How Often Should We Receive Communion?

Written By R. Jared Staudt

Many saints have upheld the benefits of frequent Communion as essential to the pursuit of holiness. Pope Saint Pius X, for instance, championed a more regular reception of Communion, issuing Sacra Tridentina to encourage it in 1905. Even as he preaches the great benefit of frequent Communion, he also reinforces the importance of having the proper disposition: “A right intention consists in this: that he who approaches the Holy Table should do so, not out of routine, or vain glory, or human respect, but that he wish to please God, to be more closely united with Him by charity, and to have recourse to this divine remedy for his weakness and defects.” Pius gives some practical advice on preparation: “Since, however, the Sacraments of the New Law, though they produce their effect ex opere operato, nevertheless, produce a great effect in proportion as the dispositions of the recipient are better, therefore, one should take care that Holy Communion be preceded by careful preparation, and followed by an appropriate thanksgiving, according to each one’s strength, circumstances and duties.”

We can greatly benefit from receiving the Eucharist regularly if we approach Jesus for the right reason and with the right disposition. In addition to this guidance from Saint Pius, there are some other dispositions that help in approaching the Eucharist worthily and well. First, it is important to remember that we attend Mass primarily to honor God and to give Him glory. While there is an obligation to attend Mass each Sunday, we are required to receive Communion only once a year. This weekly duty calls us to stay God-centered rather than self-centered. The Mass is not about us, to make us feel good or provide entertainment. We could approach Mass as a consumer, seeking only what serves one’s own sensibilities and comfort rather than moving out of oneself in receptivity and obedience to God. The Mass is about God and His glory, not our own self-satisfaction.

Second, to eat the supernatural food of the Eucharist, we need a supernatural approach, guided by the theological virtues of faith, hope, and love. With faith, we have the eyes to perceive the spiritual realities of the Mass and to approach them with reverence and devotion. Denying Jesus’s true presence in the Eucharist in an act of disbelief, on the other hand, creates a serious obstacle that prevents one from receiving its grace. Receiving the Eucharist without faith, therefore, constitutes a sin of sacrilege, treating the sacrament as ordinary objects—bread and wine—rather than the true body and blood of the Savior. Hope, expressing our trust in God, also plays a crucial role in receiving Communion, inspiring us to confess our sins and to accept the mercy of God in order to approach the sacrament without fear. Receiving the Eucharist with a penitential attitude, asking forgiveness for venial sin and making reparation for past sins out of love constitutes a true attitude of hope. The Eucharist strengthens our hope in God, giving us confidence that He will draw us to heaven. Charity expresses a Eucharistic attitude more than any other virtue, however, because it enables us to experience union with Jesus, uniting our minds and heart to Him out of love. The Eucharist should inspire us to love God more than ourselves or any created thing, as God gives Himself to us through it, the supreme good we could possess.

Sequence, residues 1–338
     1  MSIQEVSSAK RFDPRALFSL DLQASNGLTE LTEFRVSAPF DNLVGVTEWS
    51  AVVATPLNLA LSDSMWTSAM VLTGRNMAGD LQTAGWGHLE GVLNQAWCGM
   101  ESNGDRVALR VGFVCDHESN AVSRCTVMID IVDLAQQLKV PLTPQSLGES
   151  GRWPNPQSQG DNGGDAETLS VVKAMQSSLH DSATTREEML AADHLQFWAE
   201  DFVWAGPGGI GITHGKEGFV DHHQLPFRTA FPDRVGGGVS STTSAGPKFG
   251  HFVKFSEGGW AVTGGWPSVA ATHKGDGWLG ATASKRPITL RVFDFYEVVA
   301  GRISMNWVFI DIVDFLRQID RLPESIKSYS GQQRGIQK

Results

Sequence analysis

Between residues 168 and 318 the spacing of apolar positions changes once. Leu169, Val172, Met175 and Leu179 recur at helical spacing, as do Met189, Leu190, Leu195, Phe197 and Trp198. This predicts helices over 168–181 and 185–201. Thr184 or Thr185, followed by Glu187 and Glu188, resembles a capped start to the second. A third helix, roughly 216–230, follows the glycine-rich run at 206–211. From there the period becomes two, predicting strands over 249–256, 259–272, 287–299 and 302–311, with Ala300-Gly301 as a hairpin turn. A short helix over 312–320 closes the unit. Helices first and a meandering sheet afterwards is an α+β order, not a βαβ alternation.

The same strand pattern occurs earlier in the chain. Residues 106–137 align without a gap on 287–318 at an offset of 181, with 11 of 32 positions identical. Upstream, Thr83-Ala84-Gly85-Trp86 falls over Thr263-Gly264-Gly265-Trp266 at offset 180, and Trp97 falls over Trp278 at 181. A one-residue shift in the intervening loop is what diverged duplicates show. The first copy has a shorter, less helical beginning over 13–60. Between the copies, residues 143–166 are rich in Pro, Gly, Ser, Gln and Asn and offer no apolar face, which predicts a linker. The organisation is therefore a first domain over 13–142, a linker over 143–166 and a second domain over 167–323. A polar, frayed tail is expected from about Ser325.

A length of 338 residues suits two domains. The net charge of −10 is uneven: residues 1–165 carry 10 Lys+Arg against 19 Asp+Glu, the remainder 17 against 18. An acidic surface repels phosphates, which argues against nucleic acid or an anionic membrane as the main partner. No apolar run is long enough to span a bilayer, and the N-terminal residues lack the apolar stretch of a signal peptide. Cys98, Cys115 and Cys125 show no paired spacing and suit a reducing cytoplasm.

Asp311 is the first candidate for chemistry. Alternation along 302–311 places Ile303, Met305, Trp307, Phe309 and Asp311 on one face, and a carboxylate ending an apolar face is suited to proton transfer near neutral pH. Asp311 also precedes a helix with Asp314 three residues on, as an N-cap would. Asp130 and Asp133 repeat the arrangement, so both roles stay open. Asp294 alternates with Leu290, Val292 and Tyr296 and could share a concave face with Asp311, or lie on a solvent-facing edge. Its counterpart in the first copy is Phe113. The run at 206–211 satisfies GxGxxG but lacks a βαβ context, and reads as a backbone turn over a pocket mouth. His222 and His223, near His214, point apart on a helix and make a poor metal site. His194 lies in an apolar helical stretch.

This article is taken from a chapter in How the Eucharist Can Save Civilization by R. Jared Staudt, PhD, which is available from TAN Books.

R. Jared Staudt PhD, serves as Director of Content for Exodus 90 and as an instructor for the lay division St. John Vianney Seminary. He is author of "How the Eucharist Can Save Civilization "(TAN), "Restoring Humanity: Essays on the Evangelization of Culture"( Divine Providence Press), and "The Beer Option(" Angelico Press), as well as editor of "Renewing Catholic Schools: How to Regain a Catholic Vision in a Secular Age" (Catholic Education Press). He and his wife Anne have six children and he is a Benedictine oblate.